Saturday, 26 January 2013

Career Opportunities (Child Version)

Yes, I know - two Sandinista! related post?! Well, my daughter inspired me to write a few words about the "child" version of Career Opportunities.

It's often seen as the the whipping boy of  Sandinista, and an example of where the album went wrong (although it didn't); a novelty track that is one genre too far for a band with an already diverse output. But after hearing my daughter singing along to it, and then asking me to play it again, made me realise how potent the track can be - one that has children singing "career opportunities are the ones that never knock, every job they offer you is to keep you out the dock".
So for all those people with misguided views of what makes good and "credible" music, maybe the song wasn't intended for you - that would be preaching to the converted, because you're already on board from band's previous output, right? Instead, maybe the song is designed for children to sing, almost as a nursery rhyme, years before they are fully aware of what they are singing about. Now THAT is subversive - making it musically, artistically and politically just as valid as the rest of their back catalogue.

I played my daughter the original version of Career Opportunities later - she asked me to put on the "proper" version instead.

Thursday, 24 January 2013

Freakishly Good

I know it's only January, but this is by far the best album of the year so far. The chances are it might still be up there come the end of the year.
Following on from the brilliant Harum Scarum from 2008 and 2011's standalone single "You Don't Look At A Tidal Wave, A Tidal Wave Looks At You", comes 2013's Freakish. The music was actually recorded in 2011, so the duo are probably bored of it by now and on their way to recording something even better.
And the album pretty much picks up where the last one left off - influenced by early Nick Cave and the Bad Seeds and containing occasional glimpses of post rock - but this time much more expansive, embracing more keyboards and an extra sheen to the production, without losing any of the dirty guitars from previous outings. Gideon continues his black comedic outlook on life, but being much more likely to recount some long forgotton playground tale gone wrong rather than a Nick Cave-esque murder ballad. And now Viva (The Shark) gets to sing on two songs too - the wonderful vocoder overload of "Poor Boy", and closing track "Friday 13".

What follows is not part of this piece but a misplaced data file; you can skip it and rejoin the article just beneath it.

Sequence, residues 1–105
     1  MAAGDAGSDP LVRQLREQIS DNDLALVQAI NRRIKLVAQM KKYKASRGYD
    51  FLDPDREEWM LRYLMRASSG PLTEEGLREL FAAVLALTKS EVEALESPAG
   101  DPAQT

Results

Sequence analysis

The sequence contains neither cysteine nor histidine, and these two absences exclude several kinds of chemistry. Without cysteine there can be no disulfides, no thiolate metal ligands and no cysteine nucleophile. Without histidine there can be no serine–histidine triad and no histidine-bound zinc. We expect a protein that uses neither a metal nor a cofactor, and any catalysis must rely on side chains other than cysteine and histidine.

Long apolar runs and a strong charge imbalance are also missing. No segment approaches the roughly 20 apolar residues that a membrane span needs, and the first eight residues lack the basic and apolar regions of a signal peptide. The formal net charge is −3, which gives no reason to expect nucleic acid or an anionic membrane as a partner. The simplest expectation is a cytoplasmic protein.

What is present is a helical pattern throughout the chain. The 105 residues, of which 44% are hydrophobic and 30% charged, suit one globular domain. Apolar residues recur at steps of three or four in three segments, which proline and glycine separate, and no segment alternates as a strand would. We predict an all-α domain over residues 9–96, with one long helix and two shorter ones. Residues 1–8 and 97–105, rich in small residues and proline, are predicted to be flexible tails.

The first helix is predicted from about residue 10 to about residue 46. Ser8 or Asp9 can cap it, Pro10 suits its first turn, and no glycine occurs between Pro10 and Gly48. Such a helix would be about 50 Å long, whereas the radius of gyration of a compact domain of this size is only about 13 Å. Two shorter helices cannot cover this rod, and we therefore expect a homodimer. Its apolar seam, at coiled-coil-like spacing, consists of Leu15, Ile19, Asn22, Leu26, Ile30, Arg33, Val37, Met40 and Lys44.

They are also one of the best bands I've ever seen live - particulary to see Viva bring the elegance of her previous life as an olympic gymnast to her drumming and multi instrument playing. I know this photo (the gatefold inner sleeve) might be posed but, seriously, this is exactly how they look on stage.

Sunday, 13 January 2013


Oh the irony. A band called Speedy releasing their debut album 15 years after it was recorded...

Formerly going under the name Blammo! Sheffield's Speedy released a handful of singles in the mid to late 90s before vanishing from the world. Now, finally the world is ready for the album, and here it is - "News From Nowhere". Unsurprisingly, it sounds very britpop.
Now I'm going to dig out my Inspirals-esque I'm Spartacus 12"

Monday, 7 January 2013

Sandanista! In Good Album Review Shock!

Much maligned triple album is actually pretty good...

Bar one or two tracks, I hadn't listened to Sandinista! by The Clash for a very long time until earlier this year.

OK, so maybe it doesn't work well in a digital or CD format - there's too much to listen to in one sitting, so I can understand why it is viewed as a patchy mess of an album. Well you try staying focussed on anything for almost two and a half hours!

However, in it's original format - triple vinyl - it's actually a much more focussed listening experience than some people would have you believe, allowing you the benefit of a pause every 20 odd minutes to turn the record over. Reviews frequently look at the negatives - yes, there are some things that don't work - but neglect to mention the album's main strength, which is a lot of classic tunes: The Magnificent 7, Hits ville UK, The Call Up, Charlie Don't Surf, Washington Bullets, their cover of Lightning Strikes (not Once But Twice) etc. Instead of there being "a great single album" (another comment from the reviewers book of clich├ęs) somewhere in here, I reckon there's three hugely enjoyable, adventurous, and wonderfully diverse post-punk-dub-rap-pop albums screaming to get out. There's something for everyone here.

It takes an open mind to love this album - The UK press slated it, but their American counterparts, perhaps not so hung up on the bands punk credentials, loved it. I've listened to Sandinista! more in the last 12 months than I ever have before. If you haven't listened to it for a while then, go on, give it a second chance. Just take it one disc at a time...

Saturday, 5 January 2013

2012 Re-View

So here it is - the best music things of 2012.

Best song:
Of course.